Eugene, OR - No American man has medaled in the 10,000 meters at the
Olympic Games since Billy Mills, a complete unknown at the time, pulled
off a huge upset to win gold at the 1964 Games in Tokyo. To help you do
the math, that is 48 years ago.
But hope springs eternal. Former University of Oregon national champion
Galen Rupp, who is the current American 10,000 record holder, would like
to change that history of futility by bringing home a medal in the event. Working with long-time coach Alberto Salazar, Rupp has improved every
year, and is gradually closing the gap on the top African-born runners who
have ruled the event for several decades.
Friday night, running in a steady rain for much of the race, Rupp took
another step toward his goal of bringing home an Olympic medal in the
10,000, winning in a new Trials record of 27:25.33. Coming down the
homestretch, with victory in his grasp, Rupp smiled and waved to the
crowd. His relaxed expression showed that winning the grueling 25-lap race
over the top American runners didn't tax him that much.
Rupp and Nike Oregon teammate Dathan Ritzenhein came into the race with a
plan to work together over the first half of the race and set a pace fast
enough to allow Ritzenhein to run under the Olympic A Standard of 27:45. Ritzenhein had not met the standard and so needed to both finish in the
top three and run a time faster than the standard in order to secure his
trip to London.
After the first six laps, Rupp took over the lead and set the pace,
running pretty close to 67 seconds per lap. Every two or three laps,
Ritzenhein would take over the lead and keep the pace steady. Eventually,
Rupp and Ritzenhein, joined by Oregon Track Club Portland runner Matt
Tegenkamp, had opened up a lead on the field.
While the top three runners looked secure in their spots over the last few
laps, the question remained who would win. With 1200 meters to go, Rupp
answered that question by running a 62 second lap, followed by a 63 and
then another 63 on his last lap, allowing him the luxury of a big smile
and a wave over the last 50 meters. Tegenkamp and Ritzenhein followed in
second and third, respectively, and both got the needed time.
"I was really happy with the way the race went," Rupp said later. "I had a
goal of winning the race and it worked out."
I wasn't worried about the rain at all. I'm from Oregon and I love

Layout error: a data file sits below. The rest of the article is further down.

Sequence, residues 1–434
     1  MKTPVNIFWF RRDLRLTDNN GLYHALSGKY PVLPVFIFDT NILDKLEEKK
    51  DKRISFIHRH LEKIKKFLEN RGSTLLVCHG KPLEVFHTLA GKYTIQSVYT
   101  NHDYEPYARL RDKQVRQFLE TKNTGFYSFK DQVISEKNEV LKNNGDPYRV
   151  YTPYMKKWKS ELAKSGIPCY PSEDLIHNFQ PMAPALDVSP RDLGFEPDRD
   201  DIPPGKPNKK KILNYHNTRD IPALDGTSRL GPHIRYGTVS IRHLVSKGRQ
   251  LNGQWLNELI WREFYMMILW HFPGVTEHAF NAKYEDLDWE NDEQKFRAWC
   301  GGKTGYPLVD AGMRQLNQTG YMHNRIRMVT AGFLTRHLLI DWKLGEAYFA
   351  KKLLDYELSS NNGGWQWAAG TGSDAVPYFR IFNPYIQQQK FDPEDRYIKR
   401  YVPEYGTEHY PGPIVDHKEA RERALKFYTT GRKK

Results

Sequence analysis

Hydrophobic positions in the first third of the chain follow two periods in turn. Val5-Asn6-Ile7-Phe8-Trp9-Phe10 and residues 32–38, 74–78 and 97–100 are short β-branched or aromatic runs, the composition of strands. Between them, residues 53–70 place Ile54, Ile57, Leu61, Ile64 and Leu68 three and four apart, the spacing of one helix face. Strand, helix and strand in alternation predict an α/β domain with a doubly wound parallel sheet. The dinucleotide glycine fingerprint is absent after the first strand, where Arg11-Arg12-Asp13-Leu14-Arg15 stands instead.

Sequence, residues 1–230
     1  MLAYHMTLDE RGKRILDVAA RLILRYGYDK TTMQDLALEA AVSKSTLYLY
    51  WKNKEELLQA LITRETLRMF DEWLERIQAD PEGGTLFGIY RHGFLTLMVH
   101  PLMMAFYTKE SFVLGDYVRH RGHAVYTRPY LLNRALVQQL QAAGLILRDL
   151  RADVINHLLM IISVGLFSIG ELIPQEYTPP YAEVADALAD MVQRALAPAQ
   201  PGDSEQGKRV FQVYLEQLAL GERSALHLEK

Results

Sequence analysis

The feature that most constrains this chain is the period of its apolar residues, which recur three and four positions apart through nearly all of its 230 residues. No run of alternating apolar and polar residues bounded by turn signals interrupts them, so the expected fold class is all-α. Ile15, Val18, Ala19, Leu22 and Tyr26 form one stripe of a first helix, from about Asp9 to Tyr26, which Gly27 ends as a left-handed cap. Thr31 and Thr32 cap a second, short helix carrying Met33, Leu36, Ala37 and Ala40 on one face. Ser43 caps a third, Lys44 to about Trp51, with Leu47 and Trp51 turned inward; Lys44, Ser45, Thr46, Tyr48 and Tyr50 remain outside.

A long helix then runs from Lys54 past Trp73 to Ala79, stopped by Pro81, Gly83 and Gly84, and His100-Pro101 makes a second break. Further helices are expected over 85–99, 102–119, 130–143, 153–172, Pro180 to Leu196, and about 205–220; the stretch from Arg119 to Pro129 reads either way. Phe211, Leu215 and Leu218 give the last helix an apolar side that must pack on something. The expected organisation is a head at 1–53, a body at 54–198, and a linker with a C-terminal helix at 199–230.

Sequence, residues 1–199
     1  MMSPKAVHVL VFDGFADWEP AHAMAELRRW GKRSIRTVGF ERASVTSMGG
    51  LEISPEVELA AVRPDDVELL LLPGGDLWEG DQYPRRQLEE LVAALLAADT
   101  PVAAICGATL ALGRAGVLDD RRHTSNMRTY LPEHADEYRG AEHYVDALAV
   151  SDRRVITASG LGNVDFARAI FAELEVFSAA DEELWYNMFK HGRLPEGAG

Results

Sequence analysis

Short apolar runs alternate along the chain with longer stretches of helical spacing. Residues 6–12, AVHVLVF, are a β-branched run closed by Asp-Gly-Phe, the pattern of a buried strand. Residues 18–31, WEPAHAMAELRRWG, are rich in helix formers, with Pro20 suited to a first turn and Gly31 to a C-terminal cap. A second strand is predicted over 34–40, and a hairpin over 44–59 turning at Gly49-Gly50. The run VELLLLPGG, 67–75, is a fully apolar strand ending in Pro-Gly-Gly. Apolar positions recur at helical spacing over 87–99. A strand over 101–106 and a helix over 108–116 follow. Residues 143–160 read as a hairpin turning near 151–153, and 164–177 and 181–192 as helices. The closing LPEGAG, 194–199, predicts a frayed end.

running in this weather. It's good for my allergies so I was excited about
Rupp is also running the 5,000 meters here at the Trials, beginning with a
preliminary round on Monday evening. He said that now his focus would be
on "rest and recovery" to prepare for that race.
But, it is clear that Rupp's best chance to make history for American
distance runners at the Olympics is in the 10,000 meters. His American
record of 26:48 ranks him high enough on the world list to warrant medal
consideration, and being able to train with Mo Farah of Great Britain, who
will go into the Games as the favorite in the 10,000, has to help. Not to
mention having Alberto Salazar as his coach. Whether he medals or not, Rupp already has a special status among American
distance runners. He has taken on the African runners and had some
competitive success, even at a relatively young age of 26. In the last
world championship 10,000, Rupp was with the top group until almost the
last lap of the race.
In the enthusiastic Hayward Field crowd on Friday evening were brothers
Leonel and Noe Jines of Mt. Angel. Leonel, 19, just finished his freshman
year in college and hopes to walk on for cross country and track next year
at Western Oregon. Noe, 13, is going into the 8th grade at Mt. Angel
Inspired by Leonel's example, Noe hopes to one day run for a division one
college and has become a student of the sport. Before the race, he
predicted, "I think Galen Rupp will take it. It will be a tactical race
but it won't be that close at the end."
Afterwards, he said that watching Rupp's tactics and skill was "really
encouraging. I like it that Rupp goes out and runs his own race."
His brother seconded the thought, adding "He tells us that it's not just
the Africans that can run distance races fast."
Both Jines brothers believe that Rupp can win a medal at London."Maybe not gold," said Noe. "But he can win a medal."
48 years is a long time, but Rupp is starting to convince track fans
everywhere that he can be the one to end the long drought.